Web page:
How did the Chaste Tree receive such a name? In the first century AD, Pliny the Elder noted in Naturalis Historia that women in Athens during the early Roman empire “kept branches of the tree under their beds during the feast of Ceres, the Roman goddess of agriculture, grain, and fertility,” believing it would help them remain pure.

Growing Conditions

The Chaste Tree is native to the Mediterranean, so it prefers dry and well-drained soils. It does relatively well in sandy or rocky soil, and can handle acidic or slightly alkaline soils, but you will want to avoid a planting area rich in organic matter, which may hold excess moisture around the roots.

Position your tree in an area where it can receive full sun for at least six hours a day. Chaste Trees can survive in some partial shade environments, but you will have the best blooming results when they have access to direct sunlight.

Tree Care

Chaste Trees are fairly hands-off when cultivated in their ideal environment. Once your tree is established, you will often find that the natural amount of rainfall your area receives will suffice when it comes to watering. But avoid planting it in any area which may flood or hold standing water. With the minimal water needed for maintaining a Chaste Tree, it’s a great option to add to Xeric gardens, where water is often conserved or restrained.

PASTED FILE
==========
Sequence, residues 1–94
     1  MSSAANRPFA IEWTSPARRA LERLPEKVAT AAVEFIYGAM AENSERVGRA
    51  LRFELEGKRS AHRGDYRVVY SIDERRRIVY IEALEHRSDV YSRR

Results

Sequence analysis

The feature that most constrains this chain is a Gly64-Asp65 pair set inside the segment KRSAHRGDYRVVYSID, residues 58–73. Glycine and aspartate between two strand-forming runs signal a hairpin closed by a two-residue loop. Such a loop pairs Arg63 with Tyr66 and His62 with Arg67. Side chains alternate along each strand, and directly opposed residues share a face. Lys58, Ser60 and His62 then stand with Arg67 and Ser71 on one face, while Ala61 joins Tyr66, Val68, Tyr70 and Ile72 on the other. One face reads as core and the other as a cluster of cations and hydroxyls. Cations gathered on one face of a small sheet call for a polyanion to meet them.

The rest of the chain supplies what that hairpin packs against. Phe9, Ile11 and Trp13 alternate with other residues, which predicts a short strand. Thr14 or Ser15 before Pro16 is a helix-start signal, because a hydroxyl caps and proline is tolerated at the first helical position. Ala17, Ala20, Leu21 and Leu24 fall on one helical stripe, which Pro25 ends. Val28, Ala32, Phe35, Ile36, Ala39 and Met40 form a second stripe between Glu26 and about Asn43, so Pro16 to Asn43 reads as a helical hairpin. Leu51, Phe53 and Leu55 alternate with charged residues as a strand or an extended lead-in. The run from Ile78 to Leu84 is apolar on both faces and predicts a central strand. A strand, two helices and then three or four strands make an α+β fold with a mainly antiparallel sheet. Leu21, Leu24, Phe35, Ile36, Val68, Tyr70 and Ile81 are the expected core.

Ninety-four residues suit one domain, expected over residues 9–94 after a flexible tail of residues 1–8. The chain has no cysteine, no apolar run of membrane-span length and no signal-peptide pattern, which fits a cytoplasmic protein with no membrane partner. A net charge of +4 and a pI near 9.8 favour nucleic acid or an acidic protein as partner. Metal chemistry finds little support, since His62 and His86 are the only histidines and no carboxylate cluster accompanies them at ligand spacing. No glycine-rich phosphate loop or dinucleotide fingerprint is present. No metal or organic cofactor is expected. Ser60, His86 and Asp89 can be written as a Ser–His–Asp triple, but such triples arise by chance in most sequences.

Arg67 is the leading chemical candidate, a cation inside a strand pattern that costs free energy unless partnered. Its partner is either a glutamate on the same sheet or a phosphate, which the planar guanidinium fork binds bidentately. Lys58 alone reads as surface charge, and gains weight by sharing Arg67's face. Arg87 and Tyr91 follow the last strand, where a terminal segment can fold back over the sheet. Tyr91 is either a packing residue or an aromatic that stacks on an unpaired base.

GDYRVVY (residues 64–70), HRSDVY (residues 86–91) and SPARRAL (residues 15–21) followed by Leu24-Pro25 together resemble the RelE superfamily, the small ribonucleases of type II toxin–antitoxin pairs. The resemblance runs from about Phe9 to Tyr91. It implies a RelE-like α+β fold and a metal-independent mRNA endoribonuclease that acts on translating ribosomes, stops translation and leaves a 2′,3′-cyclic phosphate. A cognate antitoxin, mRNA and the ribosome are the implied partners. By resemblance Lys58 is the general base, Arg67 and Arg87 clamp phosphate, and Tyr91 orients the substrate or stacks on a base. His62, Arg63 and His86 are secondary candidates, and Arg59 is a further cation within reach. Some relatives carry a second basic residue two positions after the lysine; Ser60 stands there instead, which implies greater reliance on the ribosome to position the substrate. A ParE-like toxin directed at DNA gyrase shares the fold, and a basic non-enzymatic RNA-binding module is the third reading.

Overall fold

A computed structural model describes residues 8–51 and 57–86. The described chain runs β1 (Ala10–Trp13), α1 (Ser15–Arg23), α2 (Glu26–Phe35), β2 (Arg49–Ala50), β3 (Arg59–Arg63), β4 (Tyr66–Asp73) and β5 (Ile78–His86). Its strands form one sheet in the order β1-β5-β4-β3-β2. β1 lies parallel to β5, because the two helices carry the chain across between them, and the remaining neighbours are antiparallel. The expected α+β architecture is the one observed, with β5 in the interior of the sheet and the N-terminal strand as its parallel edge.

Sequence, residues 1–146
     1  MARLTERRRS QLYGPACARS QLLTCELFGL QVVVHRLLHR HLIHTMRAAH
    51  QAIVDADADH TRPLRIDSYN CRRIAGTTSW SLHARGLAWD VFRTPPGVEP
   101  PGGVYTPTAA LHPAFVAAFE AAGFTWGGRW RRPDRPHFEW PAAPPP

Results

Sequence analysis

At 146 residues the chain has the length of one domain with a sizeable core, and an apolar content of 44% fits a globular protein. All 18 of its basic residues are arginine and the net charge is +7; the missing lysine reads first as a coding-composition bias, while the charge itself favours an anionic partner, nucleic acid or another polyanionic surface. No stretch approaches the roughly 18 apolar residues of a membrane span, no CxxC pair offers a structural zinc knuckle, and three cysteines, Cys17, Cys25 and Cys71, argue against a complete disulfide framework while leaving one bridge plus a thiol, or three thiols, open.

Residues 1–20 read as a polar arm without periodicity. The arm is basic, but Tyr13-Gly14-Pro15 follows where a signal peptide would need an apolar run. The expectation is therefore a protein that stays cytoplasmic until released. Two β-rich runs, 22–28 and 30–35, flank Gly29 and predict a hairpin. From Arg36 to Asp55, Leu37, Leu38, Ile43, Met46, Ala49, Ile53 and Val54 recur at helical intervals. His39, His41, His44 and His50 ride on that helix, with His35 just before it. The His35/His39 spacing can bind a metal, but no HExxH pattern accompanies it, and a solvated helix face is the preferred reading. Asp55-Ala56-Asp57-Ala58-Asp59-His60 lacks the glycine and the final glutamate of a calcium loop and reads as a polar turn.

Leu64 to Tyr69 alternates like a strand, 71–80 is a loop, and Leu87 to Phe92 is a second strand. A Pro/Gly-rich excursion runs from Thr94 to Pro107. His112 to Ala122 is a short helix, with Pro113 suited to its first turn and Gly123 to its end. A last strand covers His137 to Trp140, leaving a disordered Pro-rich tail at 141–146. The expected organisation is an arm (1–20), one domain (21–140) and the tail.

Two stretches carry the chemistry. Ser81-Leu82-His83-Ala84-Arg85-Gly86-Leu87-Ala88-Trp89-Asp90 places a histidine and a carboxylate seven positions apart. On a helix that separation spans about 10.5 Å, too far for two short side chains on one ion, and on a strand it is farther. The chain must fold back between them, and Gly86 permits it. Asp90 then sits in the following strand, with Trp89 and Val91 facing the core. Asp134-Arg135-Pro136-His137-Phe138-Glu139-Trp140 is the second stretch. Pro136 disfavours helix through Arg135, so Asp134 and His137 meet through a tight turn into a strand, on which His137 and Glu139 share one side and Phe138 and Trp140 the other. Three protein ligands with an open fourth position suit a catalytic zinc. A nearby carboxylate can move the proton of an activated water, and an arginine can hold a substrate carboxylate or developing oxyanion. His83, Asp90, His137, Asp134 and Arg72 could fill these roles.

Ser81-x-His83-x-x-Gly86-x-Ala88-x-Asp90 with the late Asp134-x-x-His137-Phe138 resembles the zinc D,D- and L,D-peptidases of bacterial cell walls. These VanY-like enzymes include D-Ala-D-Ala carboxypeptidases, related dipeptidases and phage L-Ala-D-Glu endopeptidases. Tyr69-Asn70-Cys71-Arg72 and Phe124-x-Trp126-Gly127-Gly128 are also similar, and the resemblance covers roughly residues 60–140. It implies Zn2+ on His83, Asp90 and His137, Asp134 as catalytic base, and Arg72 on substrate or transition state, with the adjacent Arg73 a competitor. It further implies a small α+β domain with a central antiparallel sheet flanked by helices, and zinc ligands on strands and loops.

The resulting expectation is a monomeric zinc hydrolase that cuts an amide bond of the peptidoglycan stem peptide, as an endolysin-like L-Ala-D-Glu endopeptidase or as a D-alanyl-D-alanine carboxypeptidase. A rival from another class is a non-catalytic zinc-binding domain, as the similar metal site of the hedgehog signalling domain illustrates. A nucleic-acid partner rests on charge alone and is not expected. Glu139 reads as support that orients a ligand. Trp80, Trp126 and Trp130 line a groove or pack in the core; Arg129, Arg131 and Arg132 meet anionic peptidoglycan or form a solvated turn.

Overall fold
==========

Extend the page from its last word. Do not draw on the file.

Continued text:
When it comes to pruning, the North Carolina Cooperative Extension advises: “Flowering will be more spectacular if the plant is heavily pruned after blooming.” Southern Living also recommends thorough winter pruning to keep it from messily overgrowing.

Signs of Distress

Overall, the Chaste Tree is a beautiful haven for pollinators, and fairly low maintenance. As for harmful insects and diseases, thrips and root rot from excess moisture are the two main things to look out for.

Keeping your Chaste Tree in well-drained soil is the most effective way to prevent root rot. You can also prevent leaf spot by carefully watering at the root of the tree on rare occasions when you may need to water.

Contact Us

Proper treatment of a Chaste Tree will allow it to bloom beautifully for years to come. For help with providing top-quality care, call Premier Tree Solutions at 404-252-6448. You can also visit our website to schedule an appointment.